Four Stations in Athens

Riding the subway through the city is the best way to get around

By: Devin Galaudet

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After its Olympics renovation, the subway
remains clean and easy to use.
Before my first trip to Greece, reports from some well-meaning friends made Athens sound like a place to only skim across. They claimed it was just another big city and only a launching pad for many of Greece’s legendary islands. With the picturesque Santorini looming in my mind, I approached Athens unenthusiastically.

After venturing out into the city’s lively streets, however, I could not have disagreed more. I was surprised by a vibrant metropolis, balancing old and new with a variety of attractions that stood out as cutting edge or fantastically ancient, both traditional and experimental food on every corner and Byzantine priests strolling alongside young Greek hipsters.

I found the greatest surprise underneath Athens in its subways. While the city’s walls are routinely a haven for spray paint, the 2004 Olympics renovation has remained, and local pride has kept the underground spotless. With only three subway lines (blue, red and green), travel is uncomplicated and makes Athens’ maze of streets palatable. Better yet, the subways are fast, efficient and take visitors to most parts of the city. For example, the red line’s Acropolis Station is only minutes away from the station’s namesake and the city’s most important historical site.

Here are a few of my favorite underground stops for agents to pass along to visiting clients.

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The Plaka one of Athens’ hippest areas
is easy to reach by subway.
Omonia Station
Exiting Omonia Station is reminiscent of New York City. The area teems with crowded streets, delicious gyros and good shopping. It may be the most cosmopolitan area in Athens. While the beautification of Omonia Square failed, it is still a perfect spot for people watching, finding travel essentials and an orientating landmark. There are a number of accommodations in the area, including the five-star Classical Grand O Hotel and the four-star Hotel Acropol.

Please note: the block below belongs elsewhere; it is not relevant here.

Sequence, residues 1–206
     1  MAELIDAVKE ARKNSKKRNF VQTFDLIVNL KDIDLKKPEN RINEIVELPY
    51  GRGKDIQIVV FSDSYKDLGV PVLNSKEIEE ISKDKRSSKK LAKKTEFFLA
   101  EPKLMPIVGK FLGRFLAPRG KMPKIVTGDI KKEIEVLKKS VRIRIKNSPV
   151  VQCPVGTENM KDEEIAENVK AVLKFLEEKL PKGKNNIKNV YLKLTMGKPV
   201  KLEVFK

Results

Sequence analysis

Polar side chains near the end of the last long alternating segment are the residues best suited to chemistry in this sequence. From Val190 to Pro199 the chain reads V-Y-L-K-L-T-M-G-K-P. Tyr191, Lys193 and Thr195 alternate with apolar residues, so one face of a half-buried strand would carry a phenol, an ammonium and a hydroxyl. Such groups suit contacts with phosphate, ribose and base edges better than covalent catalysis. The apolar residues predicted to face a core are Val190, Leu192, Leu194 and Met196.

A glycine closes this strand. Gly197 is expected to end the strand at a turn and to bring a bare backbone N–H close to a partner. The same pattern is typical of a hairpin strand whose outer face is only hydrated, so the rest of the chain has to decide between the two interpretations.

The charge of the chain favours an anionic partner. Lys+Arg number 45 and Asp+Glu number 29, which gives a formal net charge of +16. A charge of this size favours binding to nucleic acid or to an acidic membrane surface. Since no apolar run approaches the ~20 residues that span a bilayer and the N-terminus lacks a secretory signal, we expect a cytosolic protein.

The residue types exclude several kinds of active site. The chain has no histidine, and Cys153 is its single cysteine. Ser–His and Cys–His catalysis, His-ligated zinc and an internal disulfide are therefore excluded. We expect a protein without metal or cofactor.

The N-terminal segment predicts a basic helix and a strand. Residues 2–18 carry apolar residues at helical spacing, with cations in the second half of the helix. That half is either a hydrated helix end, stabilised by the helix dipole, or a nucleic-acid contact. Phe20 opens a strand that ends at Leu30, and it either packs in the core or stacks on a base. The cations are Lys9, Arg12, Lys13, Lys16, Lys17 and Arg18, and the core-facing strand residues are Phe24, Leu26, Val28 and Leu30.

Syntagma Station
While the stately Parliament Building and National Garden are to the east of the station, the real experience lies to the west, just past the traditional pistachio vendors, at the Plaka. The Plaka is an explosion of souvenir stands that billow in all directions and hawk everything from souvenir T-shirts to handcrafted bouzoukis (a Greek instrument) and glass hookah pipes. After dark, the locals enjoy the hip pubs and popular eateries, such as Ydria, for reasonably priced patio dining.

Thesseion Station
Two stops away from the crowded streets of Omonia, Thesseion Station finds another kind of crowd. Keramikos Cemetery is 2,000 years old and filled with Greece’s distant past. Beyond the burial grounds is the site’s archeological museum. Within the burial grounds, visitors may want to keep an eye out for Keramikos’ only living residents, a family of turtles.

Evangelismos Station
Kolonaki is a charming neighborhood with cafes and quaint shops. I recommend taking Ploutarhou Street uphill to the Lycavittos Funicular and then to St. George’s Church for the best views in Athens. It is worth the exercise. On weekends, a flea market is held halfway up the hill.

There are two other key subway stops savvy agents should know. Piraeus is the end of the green line and a 25-minute ride from Omonia Station. This end of the line finds the harbor of the temperamental Aegean Sea and many of the famous Greek Islands. In the opposite direction, on the blue line, is El. Venizelos, which begins and ends 40 minutes from downtown at Athens International Airport.

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